Payment Around the World – Part 3

Asia, India, the Middle East

Payment around the world – where were we? In the previous articles of this series, we devoted ourselves to different payment landscapes of the globe. And with the trends and challenges, we found there.

But no matter which region we looked at: All of them stood on the verge of digital transformation or have crossed that line. China and the USA press ahead in terms of payment innovation, as we have seen in our second article. In other countries, digital payments are still in the process of taking hold in the populace. The changes they bring have already become apparent. Digital payment services play the role of an equalizer, especially for the unbanked people. Developments in Africa‘s and Latin America’s payment landscape, as detailed in the first article of this series, stand as an example for this.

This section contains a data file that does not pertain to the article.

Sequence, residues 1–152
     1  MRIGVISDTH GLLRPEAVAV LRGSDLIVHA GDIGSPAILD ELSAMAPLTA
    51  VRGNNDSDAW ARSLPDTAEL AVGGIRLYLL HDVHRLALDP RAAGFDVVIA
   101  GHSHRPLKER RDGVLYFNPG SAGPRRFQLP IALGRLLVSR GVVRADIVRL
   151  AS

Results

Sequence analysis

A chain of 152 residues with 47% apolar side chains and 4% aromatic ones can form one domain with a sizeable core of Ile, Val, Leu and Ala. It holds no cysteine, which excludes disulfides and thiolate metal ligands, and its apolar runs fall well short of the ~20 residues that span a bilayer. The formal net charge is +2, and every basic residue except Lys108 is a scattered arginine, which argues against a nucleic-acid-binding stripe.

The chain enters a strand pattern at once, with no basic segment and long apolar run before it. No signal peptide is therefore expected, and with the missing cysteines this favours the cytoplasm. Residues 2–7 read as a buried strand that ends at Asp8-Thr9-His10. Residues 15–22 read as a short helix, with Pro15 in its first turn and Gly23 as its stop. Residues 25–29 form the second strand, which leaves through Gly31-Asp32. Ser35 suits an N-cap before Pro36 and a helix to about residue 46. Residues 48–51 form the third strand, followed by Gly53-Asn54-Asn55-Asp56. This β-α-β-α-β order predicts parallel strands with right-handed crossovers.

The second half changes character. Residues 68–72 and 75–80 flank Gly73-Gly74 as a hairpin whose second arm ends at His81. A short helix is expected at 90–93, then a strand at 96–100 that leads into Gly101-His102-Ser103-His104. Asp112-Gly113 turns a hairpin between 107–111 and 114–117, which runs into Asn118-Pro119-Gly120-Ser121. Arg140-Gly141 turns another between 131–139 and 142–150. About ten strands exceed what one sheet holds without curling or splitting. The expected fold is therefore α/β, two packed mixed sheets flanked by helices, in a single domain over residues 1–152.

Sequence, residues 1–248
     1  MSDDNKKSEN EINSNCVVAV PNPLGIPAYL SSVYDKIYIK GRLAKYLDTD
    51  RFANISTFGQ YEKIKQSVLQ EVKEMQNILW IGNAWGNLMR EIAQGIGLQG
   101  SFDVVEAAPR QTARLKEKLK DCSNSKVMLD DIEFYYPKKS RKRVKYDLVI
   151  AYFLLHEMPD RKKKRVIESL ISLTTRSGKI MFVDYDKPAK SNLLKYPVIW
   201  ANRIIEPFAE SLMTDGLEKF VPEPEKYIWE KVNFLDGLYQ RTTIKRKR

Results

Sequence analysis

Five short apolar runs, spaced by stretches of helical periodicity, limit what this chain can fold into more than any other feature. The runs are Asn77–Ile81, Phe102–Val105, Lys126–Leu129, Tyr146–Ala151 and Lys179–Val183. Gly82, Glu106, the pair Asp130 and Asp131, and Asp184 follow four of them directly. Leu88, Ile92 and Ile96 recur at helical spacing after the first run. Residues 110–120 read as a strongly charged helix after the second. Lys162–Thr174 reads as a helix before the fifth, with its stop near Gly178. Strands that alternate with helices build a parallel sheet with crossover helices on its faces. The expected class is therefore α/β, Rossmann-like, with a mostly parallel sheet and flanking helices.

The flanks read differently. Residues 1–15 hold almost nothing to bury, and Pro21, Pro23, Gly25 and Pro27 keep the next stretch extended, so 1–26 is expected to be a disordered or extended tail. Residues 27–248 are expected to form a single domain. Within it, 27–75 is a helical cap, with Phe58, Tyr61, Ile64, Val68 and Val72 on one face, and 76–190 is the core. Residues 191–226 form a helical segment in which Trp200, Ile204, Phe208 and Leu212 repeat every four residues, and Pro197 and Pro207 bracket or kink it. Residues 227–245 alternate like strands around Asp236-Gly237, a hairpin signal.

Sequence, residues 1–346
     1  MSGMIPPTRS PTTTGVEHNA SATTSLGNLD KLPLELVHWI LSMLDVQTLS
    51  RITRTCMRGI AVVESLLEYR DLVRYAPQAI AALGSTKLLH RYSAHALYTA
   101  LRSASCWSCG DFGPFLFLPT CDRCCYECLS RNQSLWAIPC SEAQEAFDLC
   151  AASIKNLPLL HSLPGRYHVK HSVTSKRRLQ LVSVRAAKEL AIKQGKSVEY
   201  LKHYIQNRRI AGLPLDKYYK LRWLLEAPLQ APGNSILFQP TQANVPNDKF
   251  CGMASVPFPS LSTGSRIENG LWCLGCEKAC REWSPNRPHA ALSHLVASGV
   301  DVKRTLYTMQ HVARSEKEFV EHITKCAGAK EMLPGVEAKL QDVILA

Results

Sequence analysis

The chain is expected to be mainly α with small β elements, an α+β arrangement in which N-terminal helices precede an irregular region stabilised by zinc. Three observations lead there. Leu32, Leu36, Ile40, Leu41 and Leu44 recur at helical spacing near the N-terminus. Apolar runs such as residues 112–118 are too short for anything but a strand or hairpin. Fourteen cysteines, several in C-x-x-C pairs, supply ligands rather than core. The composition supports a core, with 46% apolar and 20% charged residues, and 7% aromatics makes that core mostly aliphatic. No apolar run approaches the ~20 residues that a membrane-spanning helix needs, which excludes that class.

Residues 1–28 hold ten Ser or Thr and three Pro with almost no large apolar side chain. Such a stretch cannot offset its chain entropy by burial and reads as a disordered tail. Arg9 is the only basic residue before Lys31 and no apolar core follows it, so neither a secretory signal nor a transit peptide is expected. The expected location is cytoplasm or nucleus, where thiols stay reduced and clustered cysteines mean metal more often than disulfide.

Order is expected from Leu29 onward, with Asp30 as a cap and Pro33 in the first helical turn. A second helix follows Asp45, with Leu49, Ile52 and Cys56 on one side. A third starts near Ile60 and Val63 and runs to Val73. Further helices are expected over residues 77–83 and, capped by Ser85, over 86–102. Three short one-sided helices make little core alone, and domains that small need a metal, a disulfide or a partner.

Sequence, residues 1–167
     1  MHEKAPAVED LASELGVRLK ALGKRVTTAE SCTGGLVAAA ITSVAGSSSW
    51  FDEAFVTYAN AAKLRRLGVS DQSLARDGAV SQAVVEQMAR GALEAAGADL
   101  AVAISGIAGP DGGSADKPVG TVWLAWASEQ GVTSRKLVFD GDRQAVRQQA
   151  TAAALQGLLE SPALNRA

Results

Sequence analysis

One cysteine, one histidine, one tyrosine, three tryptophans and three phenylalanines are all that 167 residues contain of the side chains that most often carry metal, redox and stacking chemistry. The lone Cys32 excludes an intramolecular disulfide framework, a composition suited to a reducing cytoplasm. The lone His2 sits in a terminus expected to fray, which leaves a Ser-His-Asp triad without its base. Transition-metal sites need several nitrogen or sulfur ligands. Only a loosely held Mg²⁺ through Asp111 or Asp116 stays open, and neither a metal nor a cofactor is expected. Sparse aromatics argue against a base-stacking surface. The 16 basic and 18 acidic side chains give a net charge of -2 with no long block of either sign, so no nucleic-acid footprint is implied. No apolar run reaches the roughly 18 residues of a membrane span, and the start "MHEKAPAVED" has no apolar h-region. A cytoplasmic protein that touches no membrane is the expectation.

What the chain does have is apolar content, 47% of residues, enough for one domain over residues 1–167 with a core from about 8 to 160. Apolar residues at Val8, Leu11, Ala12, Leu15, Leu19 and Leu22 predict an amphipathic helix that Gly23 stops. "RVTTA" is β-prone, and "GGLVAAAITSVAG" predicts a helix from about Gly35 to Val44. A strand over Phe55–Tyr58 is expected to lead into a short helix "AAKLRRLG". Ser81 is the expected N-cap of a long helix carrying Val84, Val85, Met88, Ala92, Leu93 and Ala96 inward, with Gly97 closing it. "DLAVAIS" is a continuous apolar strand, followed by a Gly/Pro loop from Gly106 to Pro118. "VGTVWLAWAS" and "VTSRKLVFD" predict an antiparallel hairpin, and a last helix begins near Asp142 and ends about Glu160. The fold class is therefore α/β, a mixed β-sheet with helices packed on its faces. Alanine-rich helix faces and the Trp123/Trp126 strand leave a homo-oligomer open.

We will see if those tendencies manifest in the last waypoints of our journey, too. So, let’s move on, shall we?  

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A picture of two piggy banks, symbolizing financial literacy and financial education in Germany

More Than Pocket Money – Financial Education in Germany

Financial education. It starts with simple questions. Just like this one:

For her 9th birthday, Emma asks her parents to put money on a savings account, instead of buying her presents. She rather wants to celebrate her next birthday in style, with party assets worth 200€. At a yearly interest rate of 5%, how many Euros must be put into the account to fulfill Emma’s birthday wish?